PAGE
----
At a Glance

For when those historical figures suffered conditions you don't recognize.

Center for Disease Control and Prevention

The Center for Disease Prevention and Control exists to disperse information and techniques useful to prevent disease, disability, and injury, as well as to promote readiness for potential widespread threats to U.S. citizens' physical wellness.

While, the CDC offers an extensive children's page and education resource collection, the vast majority of the content is geared toward health/physical education and science courses. A select number of resources may prove useful to history teachers.

Did a historical figure suffer a given condition with which you aren't particularly familiar? If so, the CDC has a handy list of condition and disease overviews which will prevent you from being unable to explain its meaning to curious students. Note, though, that if you are reading a historical primary source, you may have to search elsewhere for an explanation, as the site does not include conditions, such as Bright's Disease, which are no longer recognized or have since been divided into several more specific health anomalies.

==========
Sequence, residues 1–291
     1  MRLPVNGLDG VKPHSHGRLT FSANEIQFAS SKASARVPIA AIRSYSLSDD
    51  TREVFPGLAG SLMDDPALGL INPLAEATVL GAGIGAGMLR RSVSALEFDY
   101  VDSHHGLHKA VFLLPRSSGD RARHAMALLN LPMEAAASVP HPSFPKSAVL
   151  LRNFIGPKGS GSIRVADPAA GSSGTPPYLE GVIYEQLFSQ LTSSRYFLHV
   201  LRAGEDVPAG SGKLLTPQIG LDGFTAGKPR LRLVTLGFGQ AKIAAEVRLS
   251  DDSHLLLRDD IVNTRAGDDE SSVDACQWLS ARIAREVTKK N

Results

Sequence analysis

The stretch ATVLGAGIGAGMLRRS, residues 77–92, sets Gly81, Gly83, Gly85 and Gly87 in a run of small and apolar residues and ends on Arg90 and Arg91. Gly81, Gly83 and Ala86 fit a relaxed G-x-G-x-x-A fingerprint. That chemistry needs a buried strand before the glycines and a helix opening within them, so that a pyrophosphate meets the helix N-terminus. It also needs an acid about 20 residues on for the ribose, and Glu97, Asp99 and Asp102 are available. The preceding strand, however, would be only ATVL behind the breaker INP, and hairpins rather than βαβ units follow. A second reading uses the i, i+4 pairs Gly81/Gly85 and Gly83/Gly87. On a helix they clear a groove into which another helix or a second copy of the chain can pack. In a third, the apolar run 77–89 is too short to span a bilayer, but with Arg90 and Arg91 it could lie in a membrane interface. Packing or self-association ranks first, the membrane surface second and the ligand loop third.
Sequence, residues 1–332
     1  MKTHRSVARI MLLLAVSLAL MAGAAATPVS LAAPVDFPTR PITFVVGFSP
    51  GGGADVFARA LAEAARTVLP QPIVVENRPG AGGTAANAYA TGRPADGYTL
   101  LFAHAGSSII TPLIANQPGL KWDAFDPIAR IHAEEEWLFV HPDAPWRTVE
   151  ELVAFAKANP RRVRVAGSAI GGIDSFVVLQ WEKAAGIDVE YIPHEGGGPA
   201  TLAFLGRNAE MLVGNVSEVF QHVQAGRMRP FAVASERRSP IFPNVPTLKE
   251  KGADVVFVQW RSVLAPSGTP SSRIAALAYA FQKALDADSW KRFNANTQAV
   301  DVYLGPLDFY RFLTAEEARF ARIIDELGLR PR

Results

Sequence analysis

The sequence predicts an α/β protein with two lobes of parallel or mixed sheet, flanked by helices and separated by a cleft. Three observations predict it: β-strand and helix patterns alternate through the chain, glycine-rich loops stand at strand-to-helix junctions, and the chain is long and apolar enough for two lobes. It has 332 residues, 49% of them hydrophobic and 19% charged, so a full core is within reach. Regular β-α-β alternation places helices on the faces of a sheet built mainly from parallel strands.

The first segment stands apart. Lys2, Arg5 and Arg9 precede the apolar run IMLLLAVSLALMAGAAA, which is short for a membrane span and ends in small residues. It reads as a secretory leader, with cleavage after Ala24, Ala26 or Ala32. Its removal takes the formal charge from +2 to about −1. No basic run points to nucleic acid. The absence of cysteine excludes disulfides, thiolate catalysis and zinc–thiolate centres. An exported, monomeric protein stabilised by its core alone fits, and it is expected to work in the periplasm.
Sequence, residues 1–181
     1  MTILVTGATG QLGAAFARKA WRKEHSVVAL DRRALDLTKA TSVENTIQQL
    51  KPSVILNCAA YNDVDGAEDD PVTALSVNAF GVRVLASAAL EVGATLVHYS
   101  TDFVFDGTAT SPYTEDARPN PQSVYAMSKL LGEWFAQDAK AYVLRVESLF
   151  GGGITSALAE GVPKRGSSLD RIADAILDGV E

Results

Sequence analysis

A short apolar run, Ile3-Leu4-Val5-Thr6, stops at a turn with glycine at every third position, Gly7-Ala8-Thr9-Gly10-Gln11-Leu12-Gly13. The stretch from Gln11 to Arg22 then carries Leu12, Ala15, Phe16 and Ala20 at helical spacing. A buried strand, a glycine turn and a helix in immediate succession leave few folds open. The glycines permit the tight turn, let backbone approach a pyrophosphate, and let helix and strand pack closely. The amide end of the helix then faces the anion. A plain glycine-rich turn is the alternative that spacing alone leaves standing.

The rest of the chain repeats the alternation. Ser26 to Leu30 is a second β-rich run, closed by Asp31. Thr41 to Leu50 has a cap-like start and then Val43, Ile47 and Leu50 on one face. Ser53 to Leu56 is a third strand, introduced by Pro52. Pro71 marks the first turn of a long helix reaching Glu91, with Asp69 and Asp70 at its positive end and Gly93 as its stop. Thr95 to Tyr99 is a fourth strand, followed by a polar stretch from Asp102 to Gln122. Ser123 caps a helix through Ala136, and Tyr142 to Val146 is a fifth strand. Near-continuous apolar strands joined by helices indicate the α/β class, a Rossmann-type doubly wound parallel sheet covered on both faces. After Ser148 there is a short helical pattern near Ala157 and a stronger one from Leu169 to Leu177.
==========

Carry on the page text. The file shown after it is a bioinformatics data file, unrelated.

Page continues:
Other features which may be of use in limited context are children's interactives on the investigation of West Nile Virus and on the history of SARS. The SARS section offers a timeline, the role overviews of central figures in the outbreak, geographical stats, and a question and answer feature concerning basic SARS information. These can be of use for recent history lessons or to help students understand past epidemics by making them consider examples with which they are familiar. Another feature to consider is the public health image library.

Finally, if you or your students need statistics related to physical or mental health, the CDC site includes a data and statistics center.